• Resulting in: Increased risk for pathogen transmission to shellfish consumers Need for more reliable pathogen indicators.


The potential for climate-related spread of infectious diseases through marine systems has been highlighted in several reports. With this review we want to draw attention to less recognized mechanisms behind vector-borne transmission pathways to humans. We have focused on how the immune systems of edible marine shellfish, the blue mussels and Norway lobsters, are affected by climate related environmental stressors. Future ocean acidification (OA) and warming due to climate change constitute a gradually increasing persistent stress with negative trade-off for many organisms. In addition, the stress of recurrent hypoxia, inducing high levels of bioavailable manganese (Mn) is likely to increase in line with climate change. We summarized that OA, hypoxia and elevated levels of Mn did have an overall negative effect on immunity, in some cases also with synergistic effects. On the other hand, moderate increase in temperature seems to have a stimulating effect on antimicrobial activity and may in a future warming scenario counteract the negative effects. However, rising sea surface temperature and climate events causing high land run-off promote the abundance of naturally occurring pathogenic Vibrio and will in addition, bring enteric pathogens which are circulating in society into coastal waters. Moreover, the observed impairments of the immune defense enhance the persistence and occurrence of pathogens in shellfish. This may increase the risk for direct transmission of pathogens to consumers. It is thus essential that in the wake of climate change, sanitary control of coastal waters and seafood must recognize and adapt to the expected alteration of host-pathogen interactions.

Continue reading ‘Alteration of host-pathogen interactions in the wake of climate change – Increasing risk for shellfish associated infections?’

Socioeconomic risk from ocean acidification and climate change impacts on Atlantic Canadian fisheries

Ocean acidification (OA) is an emerging consequence of anthropogenic carbon dioxide emissions. The full extent of the biological impacts are currently not well understood. However, it is expected that invertebrate species that rely on the mineral calcium carbonate will be among the first and most severely affected. Despite the limited understanding of impacts there is a need to identify potential pathways for human societies to be affected by OA. Research on these social implications is a small but developing field of literature. This thesis contributes to this field by using a risk assessment framework, informed by a biophysical model of future species distributions, to investigate Atlantic Canadian risk from changes in shellfish fisheries. New Brunswick and Nova Scotia are expected to see declines in resource accessibility. While Newfoundland and Labrador and PEI are more socially vulnerable to losses in fisheries, they are expected to experience relatively minor changes in access.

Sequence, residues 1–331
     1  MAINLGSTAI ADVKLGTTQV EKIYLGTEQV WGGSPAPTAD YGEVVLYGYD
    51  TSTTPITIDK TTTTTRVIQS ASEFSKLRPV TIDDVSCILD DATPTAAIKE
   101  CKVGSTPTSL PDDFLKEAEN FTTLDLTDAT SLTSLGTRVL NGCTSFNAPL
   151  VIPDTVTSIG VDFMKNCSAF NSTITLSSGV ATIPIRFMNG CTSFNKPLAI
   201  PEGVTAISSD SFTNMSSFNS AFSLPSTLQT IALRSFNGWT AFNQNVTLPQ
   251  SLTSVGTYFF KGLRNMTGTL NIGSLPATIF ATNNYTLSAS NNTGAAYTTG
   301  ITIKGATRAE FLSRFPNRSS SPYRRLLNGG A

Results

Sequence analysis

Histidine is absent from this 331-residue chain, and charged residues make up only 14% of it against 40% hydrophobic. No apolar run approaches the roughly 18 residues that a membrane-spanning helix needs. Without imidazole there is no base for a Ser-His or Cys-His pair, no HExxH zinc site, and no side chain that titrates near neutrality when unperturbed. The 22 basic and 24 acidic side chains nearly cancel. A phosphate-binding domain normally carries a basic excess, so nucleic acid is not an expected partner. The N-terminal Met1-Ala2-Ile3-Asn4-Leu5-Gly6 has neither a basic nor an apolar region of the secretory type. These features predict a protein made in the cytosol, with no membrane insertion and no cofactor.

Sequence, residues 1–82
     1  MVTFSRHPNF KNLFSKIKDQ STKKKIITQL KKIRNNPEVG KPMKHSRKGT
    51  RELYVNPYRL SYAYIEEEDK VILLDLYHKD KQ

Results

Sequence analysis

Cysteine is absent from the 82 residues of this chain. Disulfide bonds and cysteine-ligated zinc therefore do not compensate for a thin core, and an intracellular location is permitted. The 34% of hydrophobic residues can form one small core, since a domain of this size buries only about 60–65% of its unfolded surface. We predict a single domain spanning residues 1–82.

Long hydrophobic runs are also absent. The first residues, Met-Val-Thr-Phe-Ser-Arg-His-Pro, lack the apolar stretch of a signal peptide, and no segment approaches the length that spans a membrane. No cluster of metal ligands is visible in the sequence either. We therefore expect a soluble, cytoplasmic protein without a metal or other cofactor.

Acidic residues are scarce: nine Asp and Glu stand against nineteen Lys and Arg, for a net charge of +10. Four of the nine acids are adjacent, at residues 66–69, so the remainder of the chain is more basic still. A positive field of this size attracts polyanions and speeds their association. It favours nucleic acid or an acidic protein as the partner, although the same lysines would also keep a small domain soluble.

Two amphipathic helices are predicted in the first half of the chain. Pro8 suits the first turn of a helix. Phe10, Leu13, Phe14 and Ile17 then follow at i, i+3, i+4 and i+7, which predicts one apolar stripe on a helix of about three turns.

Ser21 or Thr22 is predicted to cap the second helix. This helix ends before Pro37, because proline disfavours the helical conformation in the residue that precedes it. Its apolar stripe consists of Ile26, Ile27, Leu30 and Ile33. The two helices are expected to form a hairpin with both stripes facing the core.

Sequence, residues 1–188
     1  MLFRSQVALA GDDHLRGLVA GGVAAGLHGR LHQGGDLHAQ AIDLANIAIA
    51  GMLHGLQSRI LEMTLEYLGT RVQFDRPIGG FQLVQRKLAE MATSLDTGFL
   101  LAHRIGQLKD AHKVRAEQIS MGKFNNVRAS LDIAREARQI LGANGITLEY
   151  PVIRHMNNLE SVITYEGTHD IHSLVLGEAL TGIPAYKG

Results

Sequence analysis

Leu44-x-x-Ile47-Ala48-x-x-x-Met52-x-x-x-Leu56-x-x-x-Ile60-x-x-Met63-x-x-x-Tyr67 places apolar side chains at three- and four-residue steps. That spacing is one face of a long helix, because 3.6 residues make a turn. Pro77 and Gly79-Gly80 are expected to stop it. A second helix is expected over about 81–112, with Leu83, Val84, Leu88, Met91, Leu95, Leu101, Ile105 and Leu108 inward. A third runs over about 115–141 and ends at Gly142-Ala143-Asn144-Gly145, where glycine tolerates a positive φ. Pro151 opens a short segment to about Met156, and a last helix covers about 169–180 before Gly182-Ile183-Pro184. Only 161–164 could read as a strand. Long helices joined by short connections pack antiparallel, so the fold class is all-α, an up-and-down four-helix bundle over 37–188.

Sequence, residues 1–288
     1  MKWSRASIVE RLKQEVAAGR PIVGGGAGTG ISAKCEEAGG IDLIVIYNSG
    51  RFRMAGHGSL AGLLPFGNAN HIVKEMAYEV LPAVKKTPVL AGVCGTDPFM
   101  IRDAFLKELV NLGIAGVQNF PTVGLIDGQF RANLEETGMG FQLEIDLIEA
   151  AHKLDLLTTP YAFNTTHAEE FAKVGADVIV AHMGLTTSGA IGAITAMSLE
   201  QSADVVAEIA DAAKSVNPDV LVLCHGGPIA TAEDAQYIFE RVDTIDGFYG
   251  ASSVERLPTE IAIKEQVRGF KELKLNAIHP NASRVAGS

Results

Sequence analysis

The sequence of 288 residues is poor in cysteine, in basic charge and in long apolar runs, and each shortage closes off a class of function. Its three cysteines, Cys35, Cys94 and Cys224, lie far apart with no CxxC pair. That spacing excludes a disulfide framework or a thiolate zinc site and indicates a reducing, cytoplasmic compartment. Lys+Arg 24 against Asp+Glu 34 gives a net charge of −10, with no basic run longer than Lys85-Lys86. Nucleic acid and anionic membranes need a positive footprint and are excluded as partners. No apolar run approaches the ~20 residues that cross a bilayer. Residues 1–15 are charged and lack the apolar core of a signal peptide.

Continue reading ‘Socioeconomic risk from ocean acidification and climate change impacts on Atlantic Canadian fisheries’

Ocean acidification ameliorates harmful effects of warming in primary consumer

Climate change-induced warming and ocean acidification are considered two imminent threats to marine biodiversity and current ecosystem structures. Here, we have for the first time examined an animal’s response to a complete life cycle of exposure to co-occurring warming (+3°C) and ocean acidification (+1,600 μatm CO2), using the key subarctic planktonic copepod, Calanus finmarchicus, as a model species. The animals were generally negatively affected by warming, which significantly reduced the females’ energy status and reproductive parameters (respectively, 95% and 69%–87% vs. control). Unexpectedly, simultaneous acidification partially offset the negative effect of warming in an antagonistic manner, significantly improving reproductive parameters and hatching success (233%–340% improvement vs. single warming exposure). The results provide proof of concept that ocean acidification may partially offset negative effects caused by warming in some species. Possible explanations and ecological implications for the observed antagonistic effect are discussed.

Continue reading ‘Ocean acidification ameliorates harmful effects of warming in primary consumer’

Counteractive effects of increased temperature and pCO2 on the thickness and chemistry of the carapace of juvenile blue crab, Callinectes sapidus, from the Patuxent River, Chesapeake Bay


• Effect of climate change on crab carapace thickness and chemistry was examined
• Carapace thickness and high-Mg calcite content decreased at higher temperature
• Carapace Mg and high-Mg calcite content increased at higher pCO2
• Climate change may cause tradeoffs between growth and carapace thickness or chemistry